> Hi all,
>
> In just a few weeks, the 33C3 will be held in Hamburg, the 33th Chaos
> Communication Congress organized by the Chaos Computer Club. I intend to
> organize a keysigning party, just because they are fun.
>
> I am asking for your thoughts on a variant of the organization of the
> keysigning party.

...
Doesn't your proposal imply that late attendees could
make their way through all the keysigning without fingerprint
verification? Or do I miss something?

Cheers

Stephan


Thank you in any case for your detailed information, that encouraged me
to install the keysigning package and have a look into it. It seems to
be a great tool for organizing a key-signing event!



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Re: Hybrid keysigning party, your opinion?

Lachlan Gunn
Le 2016-12-08 à 08:14, Stephan Beck a écrit :
> Doesn't your proposal imply that late attendees could
> make their way through all the keysigning without fingerprint
> verification? Or do I miss something?

If I understand correctly, the late attendees still get a copy of the
fingerprints after the fact, they just don't have it on their sheet of
paper.  The fingerprint-less piece of paper just lets them keep a record
of who they have verified, and gives them a hash of the list that does
have the fingerprints, which they can compare with the people who were
ready beforehand (to make sure that the fingerprints have been verified
by the identity holders).

I've actually thought of doing an electronic keyslip program for mobile
phones/tablets that would let you build the list electronically using QR
codes or NFC, or maybe doing it via the hash-on-the-projector method for
maximum speed.  Then you could just download the file to your signing
machine and let CAFF do its thing.

Would this interest anyone?  Does the idea have flaws that I'm blind to?

Thanks,
Lachlan


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Recording keysigning attendants on phone (was: Hybrid keysigning party, your opinion?)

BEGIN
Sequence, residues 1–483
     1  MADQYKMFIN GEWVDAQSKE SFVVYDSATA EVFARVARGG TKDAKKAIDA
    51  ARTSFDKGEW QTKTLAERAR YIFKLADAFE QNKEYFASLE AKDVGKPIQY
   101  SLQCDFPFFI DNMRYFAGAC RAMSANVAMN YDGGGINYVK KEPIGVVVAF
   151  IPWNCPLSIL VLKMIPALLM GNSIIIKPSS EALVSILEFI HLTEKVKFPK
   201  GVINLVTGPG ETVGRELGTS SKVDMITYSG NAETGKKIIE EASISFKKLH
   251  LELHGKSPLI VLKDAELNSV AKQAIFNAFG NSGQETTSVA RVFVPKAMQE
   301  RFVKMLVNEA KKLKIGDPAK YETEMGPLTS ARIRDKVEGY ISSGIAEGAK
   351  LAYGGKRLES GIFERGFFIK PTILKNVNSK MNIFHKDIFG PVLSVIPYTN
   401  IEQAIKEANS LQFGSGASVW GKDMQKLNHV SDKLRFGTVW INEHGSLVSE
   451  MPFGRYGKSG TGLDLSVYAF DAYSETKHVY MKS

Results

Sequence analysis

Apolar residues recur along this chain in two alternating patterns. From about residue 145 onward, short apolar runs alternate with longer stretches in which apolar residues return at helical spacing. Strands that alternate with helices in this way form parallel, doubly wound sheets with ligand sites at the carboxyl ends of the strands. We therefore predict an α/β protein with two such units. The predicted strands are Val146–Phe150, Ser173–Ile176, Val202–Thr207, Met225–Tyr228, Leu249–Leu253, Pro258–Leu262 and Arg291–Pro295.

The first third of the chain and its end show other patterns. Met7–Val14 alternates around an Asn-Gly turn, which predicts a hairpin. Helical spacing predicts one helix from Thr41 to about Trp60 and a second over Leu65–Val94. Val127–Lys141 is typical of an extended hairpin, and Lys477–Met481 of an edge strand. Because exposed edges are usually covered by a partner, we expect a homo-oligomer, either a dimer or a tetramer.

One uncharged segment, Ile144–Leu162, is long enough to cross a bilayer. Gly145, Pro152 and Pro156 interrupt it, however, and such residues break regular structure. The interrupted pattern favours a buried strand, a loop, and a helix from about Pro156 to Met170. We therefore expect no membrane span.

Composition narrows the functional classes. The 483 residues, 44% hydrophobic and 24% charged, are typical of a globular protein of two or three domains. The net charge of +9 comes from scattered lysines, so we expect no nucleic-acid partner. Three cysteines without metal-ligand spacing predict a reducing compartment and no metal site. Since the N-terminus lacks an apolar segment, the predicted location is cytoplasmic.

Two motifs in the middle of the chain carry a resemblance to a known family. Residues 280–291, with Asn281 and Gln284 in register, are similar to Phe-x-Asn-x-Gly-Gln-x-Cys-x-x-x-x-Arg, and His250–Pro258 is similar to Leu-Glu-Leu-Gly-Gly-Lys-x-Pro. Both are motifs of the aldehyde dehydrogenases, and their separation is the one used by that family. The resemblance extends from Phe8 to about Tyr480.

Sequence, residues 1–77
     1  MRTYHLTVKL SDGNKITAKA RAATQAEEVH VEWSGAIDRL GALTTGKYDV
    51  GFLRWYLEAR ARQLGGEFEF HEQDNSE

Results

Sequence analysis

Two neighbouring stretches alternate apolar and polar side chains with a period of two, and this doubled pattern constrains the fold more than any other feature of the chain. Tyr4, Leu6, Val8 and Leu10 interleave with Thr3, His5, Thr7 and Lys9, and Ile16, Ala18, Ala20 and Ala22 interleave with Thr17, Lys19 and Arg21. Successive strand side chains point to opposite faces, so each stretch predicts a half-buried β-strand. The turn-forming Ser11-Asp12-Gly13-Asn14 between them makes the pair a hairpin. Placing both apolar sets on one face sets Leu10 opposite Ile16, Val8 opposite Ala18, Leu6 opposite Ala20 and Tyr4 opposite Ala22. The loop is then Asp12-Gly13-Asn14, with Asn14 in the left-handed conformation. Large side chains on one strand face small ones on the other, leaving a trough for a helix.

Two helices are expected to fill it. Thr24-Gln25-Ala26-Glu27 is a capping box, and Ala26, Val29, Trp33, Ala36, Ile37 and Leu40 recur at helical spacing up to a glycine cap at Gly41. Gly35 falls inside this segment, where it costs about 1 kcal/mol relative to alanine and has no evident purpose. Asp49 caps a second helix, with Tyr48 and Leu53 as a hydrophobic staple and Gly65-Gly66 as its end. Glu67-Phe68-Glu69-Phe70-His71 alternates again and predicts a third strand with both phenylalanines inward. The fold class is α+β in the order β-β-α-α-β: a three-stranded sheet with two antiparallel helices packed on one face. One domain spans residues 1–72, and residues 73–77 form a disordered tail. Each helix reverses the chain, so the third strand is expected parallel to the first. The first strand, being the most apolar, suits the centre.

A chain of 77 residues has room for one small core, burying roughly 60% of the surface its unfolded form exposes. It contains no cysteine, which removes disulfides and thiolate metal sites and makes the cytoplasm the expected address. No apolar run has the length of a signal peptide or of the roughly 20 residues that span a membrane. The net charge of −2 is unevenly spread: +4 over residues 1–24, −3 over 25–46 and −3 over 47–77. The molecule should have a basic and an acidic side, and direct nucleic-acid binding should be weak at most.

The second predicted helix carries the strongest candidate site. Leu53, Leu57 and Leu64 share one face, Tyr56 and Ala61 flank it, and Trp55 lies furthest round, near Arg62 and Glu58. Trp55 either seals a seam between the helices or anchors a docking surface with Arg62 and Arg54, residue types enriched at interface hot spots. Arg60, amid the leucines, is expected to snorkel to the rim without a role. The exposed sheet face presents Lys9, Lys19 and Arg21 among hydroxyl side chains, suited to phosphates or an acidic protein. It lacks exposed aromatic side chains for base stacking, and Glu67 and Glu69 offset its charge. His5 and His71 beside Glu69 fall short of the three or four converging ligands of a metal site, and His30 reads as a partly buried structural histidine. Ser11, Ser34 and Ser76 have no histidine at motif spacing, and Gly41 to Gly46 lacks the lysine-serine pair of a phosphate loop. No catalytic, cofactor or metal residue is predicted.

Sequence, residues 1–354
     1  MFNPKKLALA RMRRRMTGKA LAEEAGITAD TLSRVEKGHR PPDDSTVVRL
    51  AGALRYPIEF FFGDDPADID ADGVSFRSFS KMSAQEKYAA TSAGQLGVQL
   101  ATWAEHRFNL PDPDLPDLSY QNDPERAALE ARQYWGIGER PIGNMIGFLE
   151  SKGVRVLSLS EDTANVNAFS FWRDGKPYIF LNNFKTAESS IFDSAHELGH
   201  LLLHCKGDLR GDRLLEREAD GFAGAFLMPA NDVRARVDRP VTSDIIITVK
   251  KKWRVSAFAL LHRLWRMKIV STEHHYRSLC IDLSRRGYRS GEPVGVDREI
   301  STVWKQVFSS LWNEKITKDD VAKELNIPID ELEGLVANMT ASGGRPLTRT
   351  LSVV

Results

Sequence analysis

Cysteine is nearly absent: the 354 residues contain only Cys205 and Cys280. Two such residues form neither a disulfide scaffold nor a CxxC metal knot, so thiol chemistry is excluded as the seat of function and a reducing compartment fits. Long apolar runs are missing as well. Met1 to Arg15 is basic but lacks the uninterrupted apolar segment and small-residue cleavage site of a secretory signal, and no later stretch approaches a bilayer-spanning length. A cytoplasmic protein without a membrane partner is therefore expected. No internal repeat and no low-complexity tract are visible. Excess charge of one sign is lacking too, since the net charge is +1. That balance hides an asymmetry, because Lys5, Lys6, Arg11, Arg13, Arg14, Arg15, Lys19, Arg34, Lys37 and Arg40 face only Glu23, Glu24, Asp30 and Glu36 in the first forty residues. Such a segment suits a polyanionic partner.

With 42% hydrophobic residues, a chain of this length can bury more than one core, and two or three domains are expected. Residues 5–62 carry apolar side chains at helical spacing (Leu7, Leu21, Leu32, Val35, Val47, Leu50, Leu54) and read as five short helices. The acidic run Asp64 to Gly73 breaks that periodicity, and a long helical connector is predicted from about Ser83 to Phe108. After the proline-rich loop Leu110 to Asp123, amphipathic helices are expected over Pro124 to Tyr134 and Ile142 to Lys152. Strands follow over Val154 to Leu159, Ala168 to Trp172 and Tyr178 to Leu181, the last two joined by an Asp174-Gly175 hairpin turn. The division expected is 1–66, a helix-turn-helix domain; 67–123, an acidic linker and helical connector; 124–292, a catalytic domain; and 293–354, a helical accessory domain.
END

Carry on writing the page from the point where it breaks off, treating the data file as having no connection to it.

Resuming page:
Peter Lebbing
On 08/12/16 07:29, Lachlan Gunn wrote:
> If I understand correctly, the late attendees still get a copy of the
> fingerprints after the fact, they just don't have it on their sheet of
> paper.  The fingerprint-less piece of paper just lets them keep a record
> of who they have verified, and gives them a hash of the list that does
> have the fingerprints, which they can compare with the people who were
> ready beforehand (to make sure that the fingerprints have been verified
> by the identity holders).

Yes, that is spot on what I had in mind. What do you think?

> Does the idea have flaws that I'm blind to?

I can't say as to your perception, but all these "verify at the party, sign
after the party" share the problem that the list could be modified in the time
between verifying and signing.

Somebody could picpocket your list, add checkmarks with the same type of pen you
used, and then sneak it back into your possession. That's a physical act that
requires an intimate level of proximity.

A phone or tablet is a wirelessly connected device that could be hacked from a
distance, and it could be done even before the keysigning.

I'd say the latter is in principle more vulnerable; but it depends on your
threat model. If, for instance, you've already concluded that you want to have
your primary key on the same phone or tablet, it doesn't matter anymore if you
then also keep this party list on there.

For the sake of my sanity and the fact that I'll need to make the decision about
the 33C3 keysigning soon, let's please not mingle these subthreads. If you reply
to my "What do you think?", I'd suggest re-instating the previous Subject:-line :-).

Thank you!

Peter.

--
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You can send me encrypted mail if you want some privacy.
My key is available at <http://digitalbrains.com/2012/openpgp-key-peter>

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Re: Hybrid keysigning party, your opinion?

Peter Lebbing
In reply to this post by Stephan Beck
Stephan and Lachlan, thank you for thinking about this! I need to make a
decision soon, I really need feedback!

On 07/12/16 22:44, Stephan Beck wrote:
> Doesn't your proposal imply that late attendees could
> make their way through all the keysigning without fingerprint
> verification? Or do I miss something?

The normal attendees also don't do any fingerprint verification *at the party*.